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The Legible City
In The Legible City the visitor is able to ride a stationary bicycle through a simulated representation of a city that is constituted by computer-generated three-dimensional letters that form words and sentences along the sides of the streets. Using the ground plans of actual cities - Manhattan, Amsterdam and Karlsruhe - the existing architecture of these cities is completely replaced by textual formations written and compiled by Dirk Groeneveld. Travelling through these cities of words is consequently a journey of reading; choosing the path one takes is a choice of texts as well as their spontaneous juxtapositions and conjunctions of meaning.
The handlebar and pedals of the interface bicycle give the viewer interactive control over direction and speed of travel. The physical effort of cycling in the real world is gratuitously transposed into the virtual environment, affirming a conjunction of the active body in the virtual domain. A video projector is used to project the computer-generated image onto a large screen. Another small monitor screen in front of the bicycle shows a simple ground plan of each city, with an indicator showing the momentary position of the cyclist.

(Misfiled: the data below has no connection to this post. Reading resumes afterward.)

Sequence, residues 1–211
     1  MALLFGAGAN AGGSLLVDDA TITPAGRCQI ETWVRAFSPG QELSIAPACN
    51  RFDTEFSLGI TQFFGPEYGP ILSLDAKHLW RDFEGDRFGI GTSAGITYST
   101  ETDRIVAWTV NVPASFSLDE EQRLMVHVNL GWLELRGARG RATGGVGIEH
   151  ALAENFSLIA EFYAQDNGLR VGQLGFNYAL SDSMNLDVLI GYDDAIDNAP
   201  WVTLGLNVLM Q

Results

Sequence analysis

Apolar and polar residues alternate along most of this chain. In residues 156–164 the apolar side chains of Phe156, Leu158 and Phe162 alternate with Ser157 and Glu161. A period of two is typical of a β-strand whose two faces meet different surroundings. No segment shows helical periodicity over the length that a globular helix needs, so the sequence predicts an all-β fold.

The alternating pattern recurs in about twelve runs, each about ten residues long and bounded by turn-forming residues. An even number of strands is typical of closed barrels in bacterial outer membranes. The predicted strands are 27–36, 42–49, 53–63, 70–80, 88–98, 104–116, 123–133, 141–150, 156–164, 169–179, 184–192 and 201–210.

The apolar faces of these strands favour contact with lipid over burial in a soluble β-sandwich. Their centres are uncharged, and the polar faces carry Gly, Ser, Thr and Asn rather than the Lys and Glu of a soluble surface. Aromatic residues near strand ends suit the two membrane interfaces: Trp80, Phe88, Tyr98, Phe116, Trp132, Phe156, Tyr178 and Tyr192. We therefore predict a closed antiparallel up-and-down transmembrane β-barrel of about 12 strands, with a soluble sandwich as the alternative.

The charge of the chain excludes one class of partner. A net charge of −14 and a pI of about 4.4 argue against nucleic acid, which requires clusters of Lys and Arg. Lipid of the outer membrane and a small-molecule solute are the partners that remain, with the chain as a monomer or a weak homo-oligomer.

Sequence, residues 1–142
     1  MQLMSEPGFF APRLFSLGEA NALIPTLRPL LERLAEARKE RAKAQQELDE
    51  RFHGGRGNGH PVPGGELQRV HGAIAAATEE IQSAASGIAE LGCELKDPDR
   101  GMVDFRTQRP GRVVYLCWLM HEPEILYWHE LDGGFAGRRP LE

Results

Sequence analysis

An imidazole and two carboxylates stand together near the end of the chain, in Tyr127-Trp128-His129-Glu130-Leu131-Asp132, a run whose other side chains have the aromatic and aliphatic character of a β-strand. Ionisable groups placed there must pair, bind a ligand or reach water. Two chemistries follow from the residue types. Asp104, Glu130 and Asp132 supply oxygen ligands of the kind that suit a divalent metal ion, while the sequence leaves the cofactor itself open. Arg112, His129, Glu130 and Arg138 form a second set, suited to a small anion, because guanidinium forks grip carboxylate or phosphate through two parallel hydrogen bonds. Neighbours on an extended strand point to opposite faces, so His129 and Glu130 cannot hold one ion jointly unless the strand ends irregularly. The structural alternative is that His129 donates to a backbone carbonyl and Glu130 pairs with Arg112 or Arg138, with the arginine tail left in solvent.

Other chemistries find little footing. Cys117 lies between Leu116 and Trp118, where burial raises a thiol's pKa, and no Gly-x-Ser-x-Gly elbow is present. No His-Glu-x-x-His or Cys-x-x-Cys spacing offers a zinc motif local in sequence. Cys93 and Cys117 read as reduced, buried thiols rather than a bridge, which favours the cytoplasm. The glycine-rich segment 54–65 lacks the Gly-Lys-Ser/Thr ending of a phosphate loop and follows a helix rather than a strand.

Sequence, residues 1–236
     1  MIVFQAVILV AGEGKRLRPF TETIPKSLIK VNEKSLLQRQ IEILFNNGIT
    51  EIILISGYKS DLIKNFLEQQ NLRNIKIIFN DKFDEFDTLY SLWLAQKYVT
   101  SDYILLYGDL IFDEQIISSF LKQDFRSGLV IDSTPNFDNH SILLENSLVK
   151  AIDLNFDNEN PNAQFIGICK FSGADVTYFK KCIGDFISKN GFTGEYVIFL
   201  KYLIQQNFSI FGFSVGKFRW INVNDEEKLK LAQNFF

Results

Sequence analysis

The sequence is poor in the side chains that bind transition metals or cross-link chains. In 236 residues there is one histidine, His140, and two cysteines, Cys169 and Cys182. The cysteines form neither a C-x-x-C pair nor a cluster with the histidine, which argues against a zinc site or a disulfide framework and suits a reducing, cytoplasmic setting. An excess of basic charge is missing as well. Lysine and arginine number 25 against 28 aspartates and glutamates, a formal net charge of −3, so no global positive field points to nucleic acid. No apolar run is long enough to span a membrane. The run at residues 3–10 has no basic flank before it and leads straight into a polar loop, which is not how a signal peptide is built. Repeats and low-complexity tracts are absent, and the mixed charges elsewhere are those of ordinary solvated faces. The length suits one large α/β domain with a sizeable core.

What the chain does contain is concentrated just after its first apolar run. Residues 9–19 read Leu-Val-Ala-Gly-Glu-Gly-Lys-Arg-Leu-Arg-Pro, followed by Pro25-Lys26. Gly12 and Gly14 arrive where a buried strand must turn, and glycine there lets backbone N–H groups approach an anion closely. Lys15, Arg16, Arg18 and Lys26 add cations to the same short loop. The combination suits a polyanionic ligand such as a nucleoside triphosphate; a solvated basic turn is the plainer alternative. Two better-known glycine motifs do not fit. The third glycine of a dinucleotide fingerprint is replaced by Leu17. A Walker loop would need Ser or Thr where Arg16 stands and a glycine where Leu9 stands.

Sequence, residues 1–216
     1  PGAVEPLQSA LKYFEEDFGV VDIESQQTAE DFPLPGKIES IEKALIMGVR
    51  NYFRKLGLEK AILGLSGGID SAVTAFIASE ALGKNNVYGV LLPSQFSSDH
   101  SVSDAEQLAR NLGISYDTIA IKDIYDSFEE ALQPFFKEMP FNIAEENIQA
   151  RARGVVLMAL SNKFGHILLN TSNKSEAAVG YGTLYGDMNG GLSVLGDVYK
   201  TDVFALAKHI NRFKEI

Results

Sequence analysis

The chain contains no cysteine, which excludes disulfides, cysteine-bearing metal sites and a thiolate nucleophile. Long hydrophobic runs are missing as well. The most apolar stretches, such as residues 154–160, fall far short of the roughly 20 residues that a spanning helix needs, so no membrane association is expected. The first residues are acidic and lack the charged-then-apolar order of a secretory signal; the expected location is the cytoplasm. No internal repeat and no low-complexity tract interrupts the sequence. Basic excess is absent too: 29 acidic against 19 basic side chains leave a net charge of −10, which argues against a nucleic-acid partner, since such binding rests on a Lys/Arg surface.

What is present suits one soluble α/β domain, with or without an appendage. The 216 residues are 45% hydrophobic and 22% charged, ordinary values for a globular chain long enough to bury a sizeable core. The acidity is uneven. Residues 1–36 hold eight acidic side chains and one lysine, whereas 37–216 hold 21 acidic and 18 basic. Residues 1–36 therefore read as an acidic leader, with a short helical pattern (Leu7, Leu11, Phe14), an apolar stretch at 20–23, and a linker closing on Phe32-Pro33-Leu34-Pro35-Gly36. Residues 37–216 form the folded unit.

The Manhattan version (1989) of this work comprises eight separate fictional story lines in the form of monologues by ex-Mayor Koch, Frank Lloyd Wright, Donald Trump, a tour guide, a confidence trickster, an ambassador and a taxi-driver. Each story line has a specific letter colour so that the bicyclist can choose one or another to follow the path of a particular narration. In the Amsterdam (1990) and Karlsruhe (1991) versions all the letters are scaled so that they have the same proportion and location as the actual buildings which they replace, resulting in a transformed but exact representation of the actual architectural appearance of these cities. The texts for these two cities are largely derived from archive documents that describe mundane historical events there.
(Source: Shaw's description at jeffrey-shaw.net)
Software: Gideon May and Lothar Schmitt. Hardware: Tat Van Vark, Charly Jungbauer and Huib Nelissen
Critical writing that references this work:
Teaching Resource that references this work:
|Resource||Author||Teaching Resource Type||Year|
|Digital Poetry and the Limits of Interpretation (ENGL 5559)||Lori Emerson||Syllabus||2010|